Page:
ShareThis Page

Mr. Nutting, please meet Mr. Boras

| Wednesday, June 6, 2007

If you're like a lot of Pirates fans, you're dying to see a tangible sign that ownership is committed to winning.

The perfect opportunity could arise Thursday, when the Pirates pick fourth in Major League Baseball's First-Year Player Draft.

We're not talking about some abstract financial pledge to "player development" or a new facility for Latin American prospects who won't sniff the major leagues until 2020.

We're talking about signing a real, live potential franchise player, Georgia Tech catcher Matt Wieters, who likely will be there for the taking at No. 4.

We're talking about owner Robert Nutting putting his money (and yours) where his mouth is.

We're talking about writing a check everyone can see.

The central question: Will the Pirates pony up the largest signing bonus in franchise history - likely anywhere from $6 million to $10 million - to sign Wieters, if he is available, or will they take a lesser, cheaper prospect?

You probably know the answer to that, but there's always hope.

Tampa Bay is expected to take fire-baller David Price first overall. Kansas City also is desperate for pitching at No. 2, though it might consider Wieters. The Cubs, at No. 3, are said to be smitten with high school third baseman Josh Vitters.

Wieters, however, is widely regarded as the best position player in the draft. He is a rocket-armed switch-hitter whom his adviser and soon-to-be-agent, Scott Boras, calls "the best collegiate catcher I've seen in 30 years."

Boras was including two of his other clients -- Jason Varitek and Charles Johnson.

Varitek, like Wieters, is a switch-hitting catcher out of Georgia Tech. He is a critical player for the Boston Red Sox. Johnson, from the University of Miami, was one of the finest defensive catchers of his time.

Boras is known to identify a few select prospects and push for much bigger bonuses than MLB recommends -- and he isn't afraid of holdouts. He is the reason so many people expect the Pirates to pass on Wieters and take a cheaper prospect such as small-college power-hitter Beau Mills or high school third baseman Matt Dominguez.

Choosing such a player over Wieters might save the Pirates $5 million or more -- but at what cost?

Boras, in a phone interview Tuesday with the Pittsburgh Tribune-Review, wasn't speaking of the Pirates when he made a point that easily could be applied to them.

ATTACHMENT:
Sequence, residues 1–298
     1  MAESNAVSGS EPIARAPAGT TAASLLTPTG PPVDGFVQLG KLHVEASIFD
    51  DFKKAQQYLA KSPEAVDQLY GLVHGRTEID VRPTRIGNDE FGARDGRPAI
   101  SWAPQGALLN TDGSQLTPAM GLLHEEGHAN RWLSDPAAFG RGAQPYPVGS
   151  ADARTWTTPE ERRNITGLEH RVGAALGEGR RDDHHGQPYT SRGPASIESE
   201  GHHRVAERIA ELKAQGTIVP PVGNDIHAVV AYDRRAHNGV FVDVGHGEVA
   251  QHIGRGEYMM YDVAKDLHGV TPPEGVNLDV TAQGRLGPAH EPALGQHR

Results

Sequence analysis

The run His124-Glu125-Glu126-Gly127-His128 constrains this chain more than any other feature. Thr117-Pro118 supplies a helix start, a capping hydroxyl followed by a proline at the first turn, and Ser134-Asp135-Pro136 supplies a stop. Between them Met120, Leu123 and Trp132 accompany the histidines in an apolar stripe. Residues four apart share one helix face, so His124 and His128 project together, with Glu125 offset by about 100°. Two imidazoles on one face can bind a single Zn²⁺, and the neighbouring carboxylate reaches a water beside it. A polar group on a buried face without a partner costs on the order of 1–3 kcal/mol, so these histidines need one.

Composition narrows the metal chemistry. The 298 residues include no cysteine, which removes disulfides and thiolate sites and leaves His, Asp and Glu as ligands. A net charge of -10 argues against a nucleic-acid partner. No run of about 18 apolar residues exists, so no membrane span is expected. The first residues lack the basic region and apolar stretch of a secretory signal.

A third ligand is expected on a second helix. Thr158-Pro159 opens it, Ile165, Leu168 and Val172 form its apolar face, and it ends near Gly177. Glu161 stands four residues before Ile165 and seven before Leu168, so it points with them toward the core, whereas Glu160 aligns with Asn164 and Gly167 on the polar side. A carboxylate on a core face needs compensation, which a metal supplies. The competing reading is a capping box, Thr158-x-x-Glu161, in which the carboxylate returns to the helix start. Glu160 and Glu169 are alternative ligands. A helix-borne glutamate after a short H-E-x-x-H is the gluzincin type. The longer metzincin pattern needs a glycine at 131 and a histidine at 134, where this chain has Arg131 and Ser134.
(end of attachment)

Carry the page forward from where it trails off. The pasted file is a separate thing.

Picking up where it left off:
"The worst investment is spending millions -- $1 million here, $2 million there -- on players who you really have no idea if they'll play in the major leagues," he said. "I think teams are far better off if they can spend money on a known major-league player. It's obvious (Wieters) is going to be in the big leagues in a short period of time."

Baseball America said simply: "The Pirates won't take a Boras client."

That is the general perception, though the Pirates would never admit it.

Giving an unproven player a signing bonus of $7 million or more might seem like a radical risk, but how much money have the Pirates thrown away?

Heck, they're spending $9.4 million this season on Tony Armas, Damaso Marte and Shawn Chacon combined.

Somebody's going to pay Wieters. Why not Nutting?

The risk is mitigated, because if the Pirates could not sign Wieters by Aug. 15, a new MLB rule would give them a similarly slotted pick in next year's draft, in addition to their other first-round pick.

If this ownership group wants credibility, it better hit a home run soon.

Robert Nutting steps to the plate Thursday -- and the Milwaukee Brewers are batting three spots behind him, with their eyes cast on a franchise catcher.

TribLIVE commenting policy

You are solely responsible for your comments and by using you agree to our Terms of Service.

We moderate comments. Our goal is to provide substantive commentary for a general readership. By screening submissions, we provide a space where readers can share intelligent and informed commentary that enhances the quality of our news and information.

While most comments will be posted if they are on-topic and not abusive, moderating decisions are subjective. We will make them as carefully and consistently as we can. Because of the volume of reader comments, we cannot review individual moderation decisions with readers.

We value thoughtful comments representing a range of views that make their point quickly and politely. We make an effort to protect discussions from repeated comments either by the same reader or different readers

We follow the same standards for taste as the daily newspaper. A few things we won't tolerate: personal attacks, obscenity, vulgarity, profanity (including expletives and letters followed by dashes), commercial promotion, impersonations, incoherence, proselytizing and SHOUTING. Don't include URLs to Web sites.

We do not edit comments. They are either approved or deleted. We reserve the right to edit a comment that is quoted or excerpted in an article. In this case, we may fix spelling and punctuation.

We welcome strong opinions and criticism of our work, but we don't want comments to become bogged down with discussions of our policies and we will moderate accordingly.

We appreciate it when readers and people quoted in articles or blog posts point out errors of fact or emphasis and will investigate all assertions. But these suggestions should be sent via e-mail. To avoid distracting other readers, we won't publish comments that suggest a correction. Instead, corrections will be made in a blog post or in an article.